TOKYO, 20 Oct – A preview of the quarter-final match between South Africa and Japan, which kicks off at 19:15 on Sunday at Tokyo Stadium.
The Big Picture
South Africa insist that they put 2015's Brighton Miracle behind them when they beat Japan 41-7 in a World Cup warm-up match in September. But the reality is, this is the Springboks' chance to finally avenge that last-minute 34-32 defeat four years ago.
The selection of six forwards among the replacements is a clear indication of coach Rassie Erasmus's strategy – attempt to bully Japan's pack with a physical onslaught for the full 80 minutes.
But will that be enough? The hosts have captured the imagination of the rugby world with their thrilling, quick-paced style of play, which was too much for Ireland and Scotland.
They shift the point of contact as much as possible to keep defences guessing, and Brave Blossoms coach Jamie Joseph will call on his players to move the bigger Boks team around the field to tire them out.
It is a tactic Erasmus is aware of, and one that his players will have to work incredibly hard to negate.
"The match 23 is probably our best - in-form, fit players - which is why I went with the six-two (forwards to backs) split," he said.
"To nullify the space around the tight forwards, with the pace that they have, and to play towards our strengths, which is physical rugby, set phases, mauling, scrums.
"We will try to play the game at our pace, they will try to play the game at theirs."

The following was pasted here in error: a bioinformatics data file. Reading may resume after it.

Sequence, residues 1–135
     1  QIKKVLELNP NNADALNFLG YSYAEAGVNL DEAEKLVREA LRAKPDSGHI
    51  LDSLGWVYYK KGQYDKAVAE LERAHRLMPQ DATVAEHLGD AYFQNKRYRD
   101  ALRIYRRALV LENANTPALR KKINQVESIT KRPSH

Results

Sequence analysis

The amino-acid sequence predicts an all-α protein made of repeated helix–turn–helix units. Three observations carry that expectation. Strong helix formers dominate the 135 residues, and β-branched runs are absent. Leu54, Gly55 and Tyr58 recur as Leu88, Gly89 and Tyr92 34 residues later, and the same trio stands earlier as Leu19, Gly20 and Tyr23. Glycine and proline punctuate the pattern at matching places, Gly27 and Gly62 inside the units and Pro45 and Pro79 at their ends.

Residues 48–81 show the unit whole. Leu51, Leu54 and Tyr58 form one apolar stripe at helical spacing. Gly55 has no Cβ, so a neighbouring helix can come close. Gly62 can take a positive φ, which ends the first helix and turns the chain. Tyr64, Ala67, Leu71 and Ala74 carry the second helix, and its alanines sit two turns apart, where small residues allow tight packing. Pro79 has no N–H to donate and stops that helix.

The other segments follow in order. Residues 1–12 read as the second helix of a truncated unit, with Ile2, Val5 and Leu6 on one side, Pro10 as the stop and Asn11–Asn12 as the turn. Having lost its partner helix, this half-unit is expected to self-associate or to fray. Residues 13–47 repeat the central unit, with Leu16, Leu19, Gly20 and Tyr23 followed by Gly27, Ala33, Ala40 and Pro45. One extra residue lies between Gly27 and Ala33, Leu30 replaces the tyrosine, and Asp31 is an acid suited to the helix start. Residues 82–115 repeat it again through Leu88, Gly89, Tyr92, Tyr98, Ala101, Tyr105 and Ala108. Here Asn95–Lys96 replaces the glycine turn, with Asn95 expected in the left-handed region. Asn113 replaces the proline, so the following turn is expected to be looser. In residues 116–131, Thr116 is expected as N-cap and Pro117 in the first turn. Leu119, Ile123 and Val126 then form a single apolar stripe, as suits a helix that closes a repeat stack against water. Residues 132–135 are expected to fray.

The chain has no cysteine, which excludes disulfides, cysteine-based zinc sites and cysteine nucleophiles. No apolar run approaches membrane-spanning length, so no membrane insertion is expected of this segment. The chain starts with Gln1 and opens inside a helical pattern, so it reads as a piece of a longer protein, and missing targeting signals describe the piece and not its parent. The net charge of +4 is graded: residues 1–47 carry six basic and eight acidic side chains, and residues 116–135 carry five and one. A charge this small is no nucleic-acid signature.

The concern for Japan is being able to raise themselves again physically and mentally after their last Pool A match against Scotland, which took place last Sunday night.
There was a lot of uncertainty and emotion ahead of the match due to Typhoon Hagibis, and it seemed to show as Scotland fought back in the second half.
In contrast, the Springboks last played on 8 October, against Canada, and are well rested.
🚨Team announcement🚨— Rugby World Cup (@rugbyworldcup) October 17, 2019
Here is the @Springboks team to take on hosts @JRFURugby in the quarter-finals at #RWC2019.#JPNvRSA #WebbEllisCup
Find out where you can watch at https://t.co/z0BgdPYBjN pic.twitter.com/z84IobZgKS
"In some ways, we had to reset, it was a very physical game against Scotland, so we had the benefit of having a long week," said Japan coach Jamie Joseph.
"We chose to give the first two-and-a-half days to refresh, didn't put too much rugby into players, if anything at all.
"We didn't really start training until the third day. I think that has helped a hell of a lot. It allowed the players not just to get over the Scotland game, but also absorb what they've achieved."
Now it's all or nothing at Tokyo Stadium, something Springboks captain Siya Kolisi feels his team are ready for after adopting a "do-or-die" mindset since losing to New Zealand in their opening pool game.
For Japan skipper Michael Leitch, it is about surpassing the Brighton Miracle.
"The world was shocked and became aware of Japan with that game four years ago, and the game still lives in the memories of Japanese fans too," the flanker said.